The attachment "Proof-of-concept patch against /etc/grub.d/00_header" of this bug report has been identified as being a patch. The ubuntu-reviewers team has been subscribed to the bug report so that they can review the patch. In the event that this is in fact not a patch you can resolve this situation by removing the tag 'patch' from the bug report and editing the attachment so that it is not flagged as a patch. Additionally, if you are member of the ubuntu-reviewers team please also unsubscribe the team from this bug report.

[This is an automated message performed by a Launchpad user owned by Brian Murray. Please contact him regarding any issues with the action taken in this bug report.]

tags: added: patch
steve77 (funmaker-11) wrote :

I just rebuilt my system using Kubuntu 12.10. I thought I would try BTRFS. Now I get this same error message while booting. I hope this bug gets squashed soon.

ill (illumilore) wrote :

It's been a bug for two years now. It has a known, easy to implement fix. If the ubuntu devs wanted to fix it they would have done it a long time ago.

On 13-02-21 03:10 AM, ill wrote:
> It's been a bug for two years now. It has a known, easy to implement
> fix. If the ubuntu devs wanted to fix it they would have done it a long
> time ago.

Indeed. It's this apathy for the real problems real users have that is
driving me away from Ubuntu. All new installs are Fedora now.

I guess they are too focused on tablets and TVs any more.


I'm suffering from this as well, and I'm very often under the impression that Ubuntu's bug reporting system is there for getting users complains and le it be, not for solving them.

Over years I filled hundreds of bug reports here, almost all of them never got any solution nor fix, until the upstream fixed things someday, probably without having ever heard about bugs posted here :-/

Aki Rossi (lorkki) wrote :

I can't speak for Ubuntu maintainers, but this _is_ a wishlist-priority bug concerning a file system that's still considered experimental, and a patch was recognised just under a month ago. I've been annoyed by this bug as well, but I doubt a little patience will kill anyone at this point.

GeekSmith (lixo-geeksmith) wrote :

Aki Rossi, is reiserfs considered experimental? If you've read the previous comments, you are aware this affects more than just btrfs. That alone should bump the priority up a notch or two.

Harald Glatt (hachre) wrote :

Also the fact that this bug is two years old means the time span for patience has long been left standing in the dust...

On 13-04-06 06:05 AM, Harald Glatt wrote:
> Also the fact that this bug is two years old means the time span for
> patience has long been left standing in the dust...

Patience for this bug to be fixed or patience with Ubuntu in general?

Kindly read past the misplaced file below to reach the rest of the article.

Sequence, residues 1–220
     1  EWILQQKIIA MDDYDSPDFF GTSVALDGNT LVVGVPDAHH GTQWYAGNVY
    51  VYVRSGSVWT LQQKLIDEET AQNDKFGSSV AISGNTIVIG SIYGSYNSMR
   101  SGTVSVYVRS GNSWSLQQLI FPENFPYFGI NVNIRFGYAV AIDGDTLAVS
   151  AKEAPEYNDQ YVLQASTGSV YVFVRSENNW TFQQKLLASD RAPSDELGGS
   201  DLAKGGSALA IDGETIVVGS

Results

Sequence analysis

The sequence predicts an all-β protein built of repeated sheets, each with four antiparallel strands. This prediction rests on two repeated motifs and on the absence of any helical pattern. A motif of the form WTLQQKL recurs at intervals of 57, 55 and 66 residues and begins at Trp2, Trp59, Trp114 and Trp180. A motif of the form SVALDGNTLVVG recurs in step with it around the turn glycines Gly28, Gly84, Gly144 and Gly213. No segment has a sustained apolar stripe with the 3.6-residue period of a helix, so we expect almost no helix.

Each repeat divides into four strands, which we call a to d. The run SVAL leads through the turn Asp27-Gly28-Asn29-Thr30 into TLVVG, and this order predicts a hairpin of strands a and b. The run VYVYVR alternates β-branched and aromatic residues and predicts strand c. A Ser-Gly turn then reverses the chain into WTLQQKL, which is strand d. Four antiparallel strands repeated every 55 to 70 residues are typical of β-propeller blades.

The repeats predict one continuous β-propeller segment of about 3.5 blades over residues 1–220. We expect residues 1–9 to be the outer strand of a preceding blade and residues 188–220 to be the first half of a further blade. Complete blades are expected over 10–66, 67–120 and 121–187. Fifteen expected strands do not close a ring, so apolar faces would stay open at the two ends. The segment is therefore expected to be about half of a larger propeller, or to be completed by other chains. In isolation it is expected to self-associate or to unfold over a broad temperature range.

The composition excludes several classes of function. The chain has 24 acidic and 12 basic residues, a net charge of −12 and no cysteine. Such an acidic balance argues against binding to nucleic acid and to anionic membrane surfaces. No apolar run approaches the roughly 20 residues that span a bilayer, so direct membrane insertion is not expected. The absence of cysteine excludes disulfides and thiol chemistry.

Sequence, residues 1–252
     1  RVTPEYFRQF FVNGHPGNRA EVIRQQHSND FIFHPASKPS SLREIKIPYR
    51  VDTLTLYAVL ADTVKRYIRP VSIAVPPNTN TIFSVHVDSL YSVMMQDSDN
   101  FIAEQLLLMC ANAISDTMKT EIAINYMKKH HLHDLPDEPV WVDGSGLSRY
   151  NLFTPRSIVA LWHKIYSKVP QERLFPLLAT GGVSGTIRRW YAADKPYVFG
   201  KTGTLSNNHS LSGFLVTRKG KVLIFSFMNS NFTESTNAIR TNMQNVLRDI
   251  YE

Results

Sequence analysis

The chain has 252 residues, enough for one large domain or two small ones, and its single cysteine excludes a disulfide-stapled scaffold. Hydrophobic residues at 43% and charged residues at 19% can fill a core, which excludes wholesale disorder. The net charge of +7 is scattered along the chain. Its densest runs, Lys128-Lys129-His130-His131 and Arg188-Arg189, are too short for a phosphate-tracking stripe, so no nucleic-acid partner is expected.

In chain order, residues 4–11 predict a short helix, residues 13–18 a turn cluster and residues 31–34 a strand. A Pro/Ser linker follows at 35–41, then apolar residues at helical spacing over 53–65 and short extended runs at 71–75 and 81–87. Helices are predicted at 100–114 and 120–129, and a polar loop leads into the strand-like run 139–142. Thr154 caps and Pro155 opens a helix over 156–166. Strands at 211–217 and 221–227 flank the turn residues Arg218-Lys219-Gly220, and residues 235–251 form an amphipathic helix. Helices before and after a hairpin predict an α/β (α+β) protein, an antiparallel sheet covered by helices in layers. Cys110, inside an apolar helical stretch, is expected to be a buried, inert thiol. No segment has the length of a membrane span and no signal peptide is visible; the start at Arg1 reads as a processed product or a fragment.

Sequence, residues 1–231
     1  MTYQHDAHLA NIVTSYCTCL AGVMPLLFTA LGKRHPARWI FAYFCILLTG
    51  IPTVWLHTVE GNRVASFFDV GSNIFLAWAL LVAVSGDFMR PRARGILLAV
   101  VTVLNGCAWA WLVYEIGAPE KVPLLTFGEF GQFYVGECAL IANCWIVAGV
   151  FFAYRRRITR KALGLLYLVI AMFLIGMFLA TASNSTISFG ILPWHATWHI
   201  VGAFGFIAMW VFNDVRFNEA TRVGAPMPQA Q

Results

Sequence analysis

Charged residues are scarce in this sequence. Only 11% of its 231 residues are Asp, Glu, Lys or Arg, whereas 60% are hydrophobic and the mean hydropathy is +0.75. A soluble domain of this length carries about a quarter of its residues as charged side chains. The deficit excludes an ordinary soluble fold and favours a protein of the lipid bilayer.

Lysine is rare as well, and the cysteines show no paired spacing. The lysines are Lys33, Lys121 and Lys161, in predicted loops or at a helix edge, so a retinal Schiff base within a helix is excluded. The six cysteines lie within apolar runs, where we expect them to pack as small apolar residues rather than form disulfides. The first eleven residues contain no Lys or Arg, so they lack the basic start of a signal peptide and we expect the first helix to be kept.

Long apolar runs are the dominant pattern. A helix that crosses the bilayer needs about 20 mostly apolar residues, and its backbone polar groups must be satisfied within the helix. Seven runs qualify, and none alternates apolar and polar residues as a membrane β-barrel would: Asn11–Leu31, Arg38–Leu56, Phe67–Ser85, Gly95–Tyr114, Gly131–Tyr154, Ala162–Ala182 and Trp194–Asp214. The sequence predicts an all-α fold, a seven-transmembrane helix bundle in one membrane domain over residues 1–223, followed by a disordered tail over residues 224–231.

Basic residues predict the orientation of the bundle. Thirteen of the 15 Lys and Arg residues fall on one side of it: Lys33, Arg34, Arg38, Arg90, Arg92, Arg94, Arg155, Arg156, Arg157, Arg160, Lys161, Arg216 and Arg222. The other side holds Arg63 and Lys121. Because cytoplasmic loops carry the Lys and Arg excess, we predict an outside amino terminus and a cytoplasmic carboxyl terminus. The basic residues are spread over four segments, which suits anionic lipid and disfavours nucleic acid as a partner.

I know which one it is for me.

EricDHH (ericdhh) wrote :

13.04 amd64

First HAPPY BIRTHDAY for this bug!!!

Found a cool technical upgrade, cannot press the key due usb keyboard to override the message. So i have to wait the full timeout.

Will this ever be fixed?

volRot (info-rothert) wrote :

Error is also available in 13:10 (save file not allowed)
Perhaps eliminate mel?
After so many years, this can not be true.

volRot (info-rothert) wrote :

Sorry, (spare file not allowed)

tags: added: raring
Alexander Fieroch (fieroch) wrote :

bug still not fixed in 14.04

Download full text (3.7 KiB)

Maybe I'm missing something(ubuntu specific?), but I can't believe no one mentioned this simple obvious workaround yet (tested to work on Gentoo with btrfs /boot on separate partition):


in your /etc/default/grub

(must rerun Grub after this change, depending on your OS (I'm not on Ubuntu): ie. (Arch/Manjaro)$ sudo update-grub or (Gentoo)# grub2-mkconfig -o /boot/grub/grub.cfg )

Now the `error: sparse file not allowed.` is gone because there's no attempt made to write to the file /boot/grub/grubenv anymore, as were the case when GRUB_SAVEDEFAULT=true

Optionally, also avoid using GRUB_DEFAULT=saved unless you understand what it does if you do. I'm using GRUB_DEFAULT=0 (to have the cursor always be positioned on the first entry in the menu)


I'm copy/pasting relevant `info grub` here to save you some time(in case you were not going to look this up anyway):

     The default menu entry. This may be a number, in which case it
     identifies the Nth entry in the generated menu counted from zero,
     or the title of a menu entry, or the special string `saved'.
     Using the id may be useful if you want to set a menu entry as the
     default even though there may be a variable number of entries
     before it.

     For example, if you have:

     menuentry 'Example GNU/Linux distribution' --class gnu-linux --id example-gnu-linux {

     then you can make this the default using:


     Previously it was documented the way to use entry title. While
     this still works it's not recommended since titles often contain
     unstable device names and may be translated

     If you set this to `saved', then the default menu entry will be
     that saved by `GRUB_SAVEDEFAULT' or `grub-set-default'. This
     relies on the environment block, which may not be available in all
     situations (*note Environment block::).

     The default is `0'.

     If this option is set to `true', then, when an entry is selected,
     save it as a new default entry for use by future runs of GRUB.
     This is only useful if `GRUB_DEFAULT=saved'; it is a separate
     option because `GRUB_DEFAULT=saved' is useful without this option,
     in conjunction with `grub-set-default'. Unset by default. This
     option relies on the environment block, which may not be available
     in all situations (*note Environment block::).

15.2 The GRUB environment block

It is often useful to be able to remember a small amount of information
from one boot to the next. For example, you might want to set the
default menu entry based on what was selected the last time. GRUB
deliberately does not implement support for writing files in order to
minimise the possibility of the boot loader being responsible for file
system corruption, so a GRUB configuration file cannot just create a
file in the ordinary way. However, GRUB provides an "environment